This is a rush transcript from "Your World with Neil Cavuto," October 11, 2007. This copy may not be in its final form and may be updated.

NEIL CAVUTO, HOST: The White House is not happy, steamed today over a decision that has illegals very happy — a judge yesterday blocking a government crackdown on employers who hire illegals, and, today, a very steamed Homeland Security Secretary Michael Chertoff on just how dangerous that decision was and is.

Secretary, always good to have you. Thank you for coming.


CAVUTO: You don't like this one bit, do you?

CHERTOFF: Well, I'm frustrated because it's kind of ironic to have a judge say that we — it's against the law to enforce the law.

I think, in this case, we're going to be able to address the concerns he raised. I think, actually, most of his decision went our way. But I think it's a symbol of the fact that a lot of interest groups are coming together now to go to court to try to block our efforts to enforce the law against illegal migrants.

CAVUTO: But I think the gist of his decision was empathy for employers, not necessarily illegals, but employers who would have the responsibility of making sure whether they're hiring illegals or not. What do you make of that?

CHERTOFF: Well, I think employers do have a responsibility to make sure that the people they are hiring are legal, in the same way that employers have the responsibility to pay payroll taxes.

Obviously, it's a burden on the employer. I think most employers, though, are willing to comply with the law if they get clear guidance about how to do it.

And that's really what this regulation was about. It's giving clear guidance about how to comply with the law and make sure your employees are legal.

CAVUTO: All right. Do you think, though, that if this judge's decision stands and you do not get a chance to get this case heard again — which is unlikely, I must stress — I understand it's something that will be addressed — that we have lost an important sort of edge in getting this issue under control?

CHERTOFF: Well, first, I do agree, Neil, I think we're going to wind up winning in the end. This is one tool. We obviously have a whole number of tools. But I would certainly hate to lose this regulation, because it's another way we can help employers do what they need to do to make sure they comply with the law.

And it's really a matter of common sense. The basic principle is this. When you get a heads-up that there's something funny or something missing or amiss with respect to your employees, you have got to look at the question and you have got to resolve it. You can't just stick your head in the sand and pretend it's going to go away. That's all this amounts to.

CAVUTO: OK. In the meantime, then, we still have this issue of employers, either knowingly or unknowingly, hiring illegals, and apparently in greater numbers than we thought. What happens?

CHERTOFF: Well, let me be clear. This is not a holiday from law enforcement. We are still going to hold employers accountable who — if they knowingly and systematically violate the law. We're going to continue to bring criminal and civil cases. This is not a license for people to knowingly employ illegals in the workplace.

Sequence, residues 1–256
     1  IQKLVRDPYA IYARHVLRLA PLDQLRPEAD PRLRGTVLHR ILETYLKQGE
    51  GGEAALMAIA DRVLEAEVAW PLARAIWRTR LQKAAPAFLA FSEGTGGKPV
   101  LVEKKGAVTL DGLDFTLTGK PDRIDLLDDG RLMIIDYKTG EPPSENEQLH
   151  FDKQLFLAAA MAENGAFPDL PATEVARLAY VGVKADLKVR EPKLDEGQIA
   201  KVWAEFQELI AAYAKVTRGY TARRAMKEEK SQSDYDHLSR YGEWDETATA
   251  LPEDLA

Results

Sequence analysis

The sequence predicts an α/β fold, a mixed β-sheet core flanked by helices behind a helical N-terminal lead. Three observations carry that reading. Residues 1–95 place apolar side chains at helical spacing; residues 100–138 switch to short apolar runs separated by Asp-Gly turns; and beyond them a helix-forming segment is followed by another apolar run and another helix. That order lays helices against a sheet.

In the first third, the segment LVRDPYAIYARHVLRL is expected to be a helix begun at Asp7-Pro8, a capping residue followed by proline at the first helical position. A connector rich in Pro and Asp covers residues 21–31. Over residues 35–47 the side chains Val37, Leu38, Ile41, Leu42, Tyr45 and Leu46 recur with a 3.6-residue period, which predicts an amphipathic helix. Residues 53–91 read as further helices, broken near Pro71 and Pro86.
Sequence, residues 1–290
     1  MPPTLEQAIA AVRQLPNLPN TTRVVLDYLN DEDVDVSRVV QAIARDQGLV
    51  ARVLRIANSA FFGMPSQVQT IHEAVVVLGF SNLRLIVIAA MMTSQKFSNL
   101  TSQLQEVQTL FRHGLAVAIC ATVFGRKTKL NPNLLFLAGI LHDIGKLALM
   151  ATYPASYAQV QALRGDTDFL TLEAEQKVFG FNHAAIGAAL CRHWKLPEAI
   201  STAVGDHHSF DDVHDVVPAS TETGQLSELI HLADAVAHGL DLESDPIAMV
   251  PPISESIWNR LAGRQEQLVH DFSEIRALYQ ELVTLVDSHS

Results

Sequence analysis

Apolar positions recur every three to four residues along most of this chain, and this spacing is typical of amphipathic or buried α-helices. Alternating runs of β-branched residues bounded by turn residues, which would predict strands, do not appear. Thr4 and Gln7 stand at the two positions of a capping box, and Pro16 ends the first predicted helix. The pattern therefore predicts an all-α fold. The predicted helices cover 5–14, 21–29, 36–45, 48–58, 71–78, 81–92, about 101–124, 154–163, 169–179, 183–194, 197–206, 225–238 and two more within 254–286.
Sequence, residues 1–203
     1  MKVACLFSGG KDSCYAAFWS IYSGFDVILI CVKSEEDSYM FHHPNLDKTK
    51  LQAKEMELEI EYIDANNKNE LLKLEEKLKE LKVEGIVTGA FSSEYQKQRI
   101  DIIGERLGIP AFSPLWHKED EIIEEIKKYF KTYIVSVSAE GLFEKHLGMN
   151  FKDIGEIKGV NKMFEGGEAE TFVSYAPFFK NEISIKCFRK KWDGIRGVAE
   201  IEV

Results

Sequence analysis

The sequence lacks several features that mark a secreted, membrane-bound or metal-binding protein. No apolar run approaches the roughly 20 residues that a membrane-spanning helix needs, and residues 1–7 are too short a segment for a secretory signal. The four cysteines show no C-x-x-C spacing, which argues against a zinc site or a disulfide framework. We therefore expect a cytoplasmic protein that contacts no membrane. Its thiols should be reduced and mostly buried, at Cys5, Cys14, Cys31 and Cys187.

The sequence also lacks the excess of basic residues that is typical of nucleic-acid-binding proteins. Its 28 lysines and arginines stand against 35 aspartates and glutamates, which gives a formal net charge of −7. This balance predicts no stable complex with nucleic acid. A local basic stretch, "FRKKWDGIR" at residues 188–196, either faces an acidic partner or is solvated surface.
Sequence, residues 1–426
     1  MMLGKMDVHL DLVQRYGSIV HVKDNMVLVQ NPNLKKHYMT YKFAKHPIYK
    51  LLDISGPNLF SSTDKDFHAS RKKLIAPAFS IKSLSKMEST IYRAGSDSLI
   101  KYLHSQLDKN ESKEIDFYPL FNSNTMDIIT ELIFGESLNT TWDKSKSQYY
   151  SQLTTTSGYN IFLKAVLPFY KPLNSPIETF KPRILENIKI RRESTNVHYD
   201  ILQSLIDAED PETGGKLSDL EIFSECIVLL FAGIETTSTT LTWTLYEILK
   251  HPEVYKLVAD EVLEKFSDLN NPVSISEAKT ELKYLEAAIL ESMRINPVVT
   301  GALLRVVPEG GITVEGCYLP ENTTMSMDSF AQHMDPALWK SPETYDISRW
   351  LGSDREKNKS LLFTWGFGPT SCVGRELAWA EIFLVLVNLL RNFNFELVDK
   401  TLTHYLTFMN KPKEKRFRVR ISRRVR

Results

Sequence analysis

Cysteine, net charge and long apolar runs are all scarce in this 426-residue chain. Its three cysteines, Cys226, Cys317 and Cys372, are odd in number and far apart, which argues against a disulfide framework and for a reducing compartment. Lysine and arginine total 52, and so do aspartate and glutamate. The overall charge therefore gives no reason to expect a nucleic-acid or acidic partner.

And I think we're beginning to see some effects, because we are getting complaints, frankly, from the business community about the vigor of our enforcement.

CAVUTO: You know, I have had you here before — and if you don't mind me switching gears a little, Secretary — on this issue of our safety here at home. And I think you kind of paraphrased something fairly interesting last time, where you said, the more time that passes from when we were hit, in this case 9/11, the — the sort of less concern Americans have about being hit.

You worried about that, that, even though we have had hits in Europe and certainly Latin America and Asia, and what have you, certainly in the Middle East, that we have gotten complacent?

CHERTOFF: I am worried that there is complacency, at least in some quarters. There is a lot of noise you hear sometimes about 9/11 is overblown or we need to move beyond 9/11.

And, while I understand life has to continue — and I'm the first person to say, we can't surrender our freedom or our way of life to terrorists — we would be very foolish if we didn't take note of what was going on around the world, if we didn't take note of what Bin Laden has been saying publicly, if we didn't take note of attempted attacks in Britain and Germany, and recognize we still have to be on our toes to stay ahead of the enemy.

CAVUTO: In New York, as you know, secretary, Governor Eliot Spitzer wants to give licenses to illegals. It's caused a bit of a ruckus, even among many within his own party. How do you feel about that?

CHERTOFF: Well, first of all, let me be clear that, under the law, as far as the federal government is concerned, the only license or identification we're going to be accepting as valid to get onto an airplane or get into a federal building is a license that makes it clear that someone is here legally and has a lawful right to be present.

I think that, you know, obviously, New York's got to think long and hard about whether they are going to be enabling people to function in the state in a way that might be harmful to the citizens of the state.

CAVUTO: All right.

Secretary, always a pleasure. Thanks for taking the time to join me.

CHERTOFF: Good to be on.

CAVUTO: Michael Chertoff, homeland security secretary, in Washington.

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